Art Works Blog

A Creative Forces Chairman Update

One of the programs that keeps us particularly busy at the National Endowment for the Arts is Creative Forces: NEA Military Healing Arts Network. This is our partnership with the Departments of Defense and Veterans Affairs that places creative arts therapies at the core of patient-centered care and increases access to therapeutic arts activities in local communities. 

As described in our March 28 announcement, we now have 11 clinical sites across the nation, have on-boarded a telehealth program to reach remote areas, are working with our partners to develop the community component of the initiative, and are gathering scientific research to begin charting next steps to fill the knowledge gaps about the intersections of the arts, military, and healing.

With all of this activity, I want to share some updates.

First, we are learning more about how transformational the program is for its participants. Service members have noted an increased ability to manage their pain. Their memory is more consistent, and they can better articulate how they feel and the painful episodes they may have experienced. Their family members and caregivers have also noted improved relationships with their loved ones, because of a more authentic and consistent way of communicating. And health administrators have noted that these arts programs are not only effective, but they have applauded their cost-effective and non-invasive nature.

With the community component of Creative Forces, we have an opportunity to support our service members, as well as veterans, by connecting the clinical creative arts therapy programs with arts programs in their local community. Community activities will also reach individuals who can benefit from participating in a community arts program, but have chosen not to receive clinical care. So, there will be more options for our service members and veterans and their families.

Then, beginning in June and continuing through the fall, the community sites will hold summits that bring together all of those locally who are interested in projects and programming that connect military populations with the arts. We’ve provided a handbook to the state arts agencies that are leading the charge on the summits on how best to engage with military institutions and individuals so the agencies and their arts partners can offer the most effective programs in the most accessible ways.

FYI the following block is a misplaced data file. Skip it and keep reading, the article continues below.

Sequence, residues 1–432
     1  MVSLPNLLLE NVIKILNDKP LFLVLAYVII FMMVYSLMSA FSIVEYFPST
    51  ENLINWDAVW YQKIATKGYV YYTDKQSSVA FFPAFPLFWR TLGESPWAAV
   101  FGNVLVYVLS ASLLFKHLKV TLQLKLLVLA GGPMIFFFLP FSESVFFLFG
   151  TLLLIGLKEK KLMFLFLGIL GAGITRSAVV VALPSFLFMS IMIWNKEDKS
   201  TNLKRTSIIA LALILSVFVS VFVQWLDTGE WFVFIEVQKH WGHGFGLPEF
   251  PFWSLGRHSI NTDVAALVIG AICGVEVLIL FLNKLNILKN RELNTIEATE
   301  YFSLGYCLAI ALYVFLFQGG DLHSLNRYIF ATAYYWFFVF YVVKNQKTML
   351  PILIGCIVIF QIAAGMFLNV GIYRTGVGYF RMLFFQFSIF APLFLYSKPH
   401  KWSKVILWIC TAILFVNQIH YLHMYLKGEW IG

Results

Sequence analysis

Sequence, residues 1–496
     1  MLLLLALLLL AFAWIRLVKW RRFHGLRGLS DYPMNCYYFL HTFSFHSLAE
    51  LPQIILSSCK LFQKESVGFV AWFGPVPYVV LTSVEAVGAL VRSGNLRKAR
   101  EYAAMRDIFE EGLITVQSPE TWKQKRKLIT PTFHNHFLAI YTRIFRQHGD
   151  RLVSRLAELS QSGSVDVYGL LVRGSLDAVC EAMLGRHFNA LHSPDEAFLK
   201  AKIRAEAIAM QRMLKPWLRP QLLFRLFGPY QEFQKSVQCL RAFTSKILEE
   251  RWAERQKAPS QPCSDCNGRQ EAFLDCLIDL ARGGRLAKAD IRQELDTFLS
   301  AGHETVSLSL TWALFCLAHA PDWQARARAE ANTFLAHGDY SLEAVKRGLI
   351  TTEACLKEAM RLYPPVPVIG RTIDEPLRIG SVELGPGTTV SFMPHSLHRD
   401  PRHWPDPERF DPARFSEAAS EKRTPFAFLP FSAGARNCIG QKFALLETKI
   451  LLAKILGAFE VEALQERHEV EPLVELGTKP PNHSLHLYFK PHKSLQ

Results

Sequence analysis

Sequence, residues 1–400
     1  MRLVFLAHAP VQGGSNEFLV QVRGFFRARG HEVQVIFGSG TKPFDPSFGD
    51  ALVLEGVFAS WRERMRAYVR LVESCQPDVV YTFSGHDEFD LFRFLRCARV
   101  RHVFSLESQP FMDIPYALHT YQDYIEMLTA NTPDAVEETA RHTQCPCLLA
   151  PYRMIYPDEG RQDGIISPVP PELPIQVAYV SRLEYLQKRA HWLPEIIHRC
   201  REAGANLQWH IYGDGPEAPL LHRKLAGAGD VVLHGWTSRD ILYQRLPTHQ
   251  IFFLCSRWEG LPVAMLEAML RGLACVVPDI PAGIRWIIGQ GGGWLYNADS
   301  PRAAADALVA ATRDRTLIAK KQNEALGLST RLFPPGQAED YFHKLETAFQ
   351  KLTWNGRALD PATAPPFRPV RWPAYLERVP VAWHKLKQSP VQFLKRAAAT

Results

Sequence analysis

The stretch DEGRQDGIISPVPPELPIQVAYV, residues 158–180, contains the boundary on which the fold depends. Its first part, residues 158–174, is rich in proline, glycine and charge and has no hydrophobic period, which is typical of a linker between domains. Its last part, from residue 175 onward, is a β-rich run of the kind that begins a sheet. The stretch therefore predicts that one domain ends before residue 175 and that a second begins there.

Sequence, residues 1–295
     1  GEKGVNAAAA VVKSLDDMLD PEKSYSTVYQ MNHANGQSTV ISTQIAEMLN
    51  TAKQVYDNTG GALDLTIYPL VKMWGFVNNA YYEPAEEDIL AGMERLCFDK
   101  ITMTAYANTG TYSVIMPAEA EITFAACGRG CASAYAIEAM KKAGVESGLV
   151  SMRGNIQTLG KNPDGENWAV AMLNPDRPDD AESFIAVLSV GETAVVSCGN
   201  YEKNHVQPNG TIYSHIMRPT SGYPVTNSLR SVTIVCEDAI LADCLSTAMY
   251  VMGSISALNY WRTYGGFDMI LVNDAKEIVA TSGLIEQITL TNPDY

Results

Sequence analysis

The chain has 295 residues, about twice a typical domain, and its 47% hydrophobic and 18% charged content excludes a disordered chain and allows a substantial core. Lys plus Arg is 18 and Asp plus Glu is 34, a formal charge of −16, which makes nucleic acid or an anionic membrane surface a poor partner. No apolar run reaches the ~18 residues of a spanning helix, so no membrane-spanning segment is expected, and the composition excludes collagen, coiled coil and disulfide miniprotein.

Capacity-building, the third prong of Creative Forces, is also advancing. The NEA has met with researchers to lay out the path forward in terms of which research goals to pursue; we are planning for a convening and report on the research agenda in September so stay tuned. In the meantime, here is the first research paper supported by Creative Forces that came out in February.

There are some wonderful Creative Forces stories on our blog, including Music Saved My Life: How Arts Therapy Helped a Master Sergeant Recover from the Wounds of War and a Spotlight on Creative Arts Therapies and Telehealth from Jill Sonke, the director of the Center for Arts in Medicine at the University of Florida in Gainesville.

Finally, we’ve created a shortened version of our Creative Forces video that is easy to share on social media. Take a look here

Through Creative Forces and all of our other NEA programs in 50 states and 16,000 communities, we see that the arts are not off in a corner by themselves, and that they’re not only available to some people and limited to others. We see the power of the arts. They can help us think outside the box, and allow us to forge innovative methods and solutions to persistent challenges – even when those challenges might initially appear to be completely unrelated to the arts. The arts and creativity can illuminate new ways of thinking and seeing that can lead to better, more useful approaches, both with military populations and more.

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